It might sound macabre – or at least, pretty dismissive of all the other local attractions – to suggest that taking a stroll around a cemetery is one of the best things to do in Fulham… but it genuinely is worth making a trip to Brompton Cemetery.
Why? Well, to answer that we have to go back to the first half of the 19th century, when London’s population more than doubled to 2.3 million. Great for the factories, not so good for the tiny parish cemeteries that were attached to London’s churches, and beginning to get… cramped.
And so it was that London decided to build ‘garden’ cemeteries out in the suburbs, whose grandiose Victorian architecture and unmatched bucolic splendour have earned them the nickname The Magnificent Seven. They include Nunhead, Kensal Green, Highgate, Abney Park, and Brompton Cemetery, which stands out from the others in that it’s technically owned by the Crown, making it one of London’s Royal Parks.
There are some 35,000 monuments in its midst, along with some dramatic architecture: a domed chapel stands at the cemetery’s centre (you might recognise it from Goldeneye, of all things), while the two Grade II* listed colonnades were inspired by St. Peter’s Square in Rome, with the idea of creating a kind of open-air cathedral. It’s the combination of these classical buildings and the abundant nature in the ceremony that makes it such a surprisingly nice spot for a walk. There’s dozens of trees, plants and animals here, which make Brompton one of the borough’s most important natural conservation sites. In fact, the land had originally been used as land for crops, and you can still find wild garlic and cabbages growing around the gravestones.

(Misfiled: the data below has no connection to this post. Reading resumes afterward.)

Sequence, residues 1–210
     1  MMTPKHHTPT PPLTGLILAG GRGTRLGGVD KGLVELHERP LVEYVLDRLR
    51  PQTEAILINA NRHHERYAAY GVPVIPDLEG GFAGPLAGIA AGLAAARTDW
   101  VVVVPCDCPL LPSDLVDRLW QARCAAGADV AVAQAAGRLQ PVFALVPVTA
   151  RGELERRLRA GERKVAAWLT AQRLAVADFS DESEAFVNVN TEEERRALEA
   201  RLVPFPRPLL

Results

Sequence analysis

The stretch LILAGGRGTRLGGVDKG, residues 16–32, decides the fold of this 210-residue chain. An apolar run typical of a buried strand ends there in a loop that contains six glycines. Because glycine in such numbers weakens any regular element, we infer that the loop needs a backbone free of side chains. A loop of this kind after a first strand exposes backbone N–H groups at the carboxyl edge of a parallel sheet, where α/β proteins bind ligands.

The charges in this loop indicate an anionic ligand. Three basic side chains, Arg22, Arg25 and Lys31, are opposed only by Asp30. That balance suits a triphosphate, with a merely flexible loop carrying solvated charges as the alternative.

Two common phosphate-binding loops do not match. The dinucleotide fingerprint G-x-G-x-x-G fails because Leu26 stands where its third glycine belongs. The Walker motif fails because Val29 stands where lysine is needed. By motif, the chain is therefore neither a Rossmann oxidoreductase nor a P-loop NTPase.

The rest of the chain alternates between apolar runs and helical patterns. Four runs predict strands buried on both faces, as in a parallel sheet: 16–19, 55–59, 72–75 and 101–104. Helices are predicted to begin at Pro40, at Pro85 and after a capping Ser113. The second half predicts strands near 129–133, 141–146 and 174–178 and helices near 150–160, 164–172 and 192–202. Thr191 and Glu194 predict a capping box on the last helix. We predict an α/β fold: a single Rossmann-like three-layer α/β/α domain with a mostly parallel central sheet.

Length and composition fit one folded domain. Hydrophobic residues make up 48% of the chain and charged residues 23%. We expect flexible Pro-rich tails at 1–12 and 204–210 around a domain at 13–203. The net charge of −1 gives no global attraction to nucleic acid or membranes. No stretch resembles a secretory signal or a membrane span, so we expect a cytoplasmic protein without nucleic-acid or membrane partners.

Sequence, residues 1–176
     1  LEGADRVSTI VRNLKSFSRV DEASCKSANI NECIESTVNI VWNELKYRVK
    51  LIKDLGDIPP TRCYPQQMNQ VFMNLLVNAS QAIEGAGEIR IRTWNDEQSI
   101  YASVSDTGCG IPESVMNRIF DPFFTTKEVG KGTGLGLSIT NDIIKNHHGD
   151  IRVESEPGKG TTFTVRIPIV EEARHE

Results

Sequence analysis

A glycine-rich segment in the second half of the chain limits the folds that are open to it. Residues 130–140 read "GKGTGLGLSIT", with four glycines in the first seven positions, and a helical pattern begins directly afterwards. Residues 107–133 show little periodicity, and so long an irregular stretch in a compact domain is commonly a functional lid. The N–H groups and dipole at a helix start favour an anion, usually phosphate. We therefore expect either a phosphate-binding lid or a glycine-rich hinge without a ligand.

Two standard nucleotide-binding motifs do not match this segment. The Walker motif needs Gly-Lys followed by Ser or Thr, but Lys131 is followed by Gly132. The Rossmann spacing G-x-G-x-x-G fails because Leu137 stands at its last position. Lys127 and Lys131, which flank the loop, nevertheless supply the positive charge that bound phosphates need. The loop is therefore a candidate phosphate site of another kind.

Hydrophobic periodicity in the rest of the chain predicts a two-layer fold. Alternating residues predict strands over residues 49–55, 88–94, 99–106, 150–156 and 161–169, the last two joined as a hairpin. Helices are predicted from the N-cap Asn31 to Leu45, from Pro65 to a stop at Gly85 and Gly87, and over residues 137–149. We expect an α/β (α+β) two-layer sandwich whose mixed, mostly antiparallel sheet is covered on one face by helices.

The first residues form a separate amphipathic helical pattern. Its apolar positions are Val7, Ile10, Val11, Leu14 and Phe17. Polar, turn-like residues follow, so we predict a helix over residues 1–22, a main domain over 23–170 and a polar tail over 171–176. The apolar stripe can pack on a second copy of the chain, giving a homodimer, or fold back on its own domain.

Among the residents are Percy E. Lambert, the first person to ever drive a car at 100mph; Keats’ muse, Fanny Brawne; the suffragette Emmeline Pankhurst; and Henry Cole, founder of the V&A, the Royal Albert Hall, the Royal College of Music… and inventor of the Christmas card. According to local legend, Beatrix Potter – a former Old Brompton Road resident – might have named some of her characters after names on the gravestones here, which include a Mr. Nutkin… and a Peter Rabbett.
Brompton Cemetery’s free to visit, and open to the public daily – but if you’re strong-spirited, you should really come during London Month of the Dead, when all kinds of strange and spooky events are staged in the chapel, from shadow puppetry and fortune telling to torchlit processions through the cemetery in the dark…
NOTE: Brompton Cemetery’s open daily, and is free to visit. You can find out more HERE.
Brompton Cemetery | Fulham Road, London SW10 9UG
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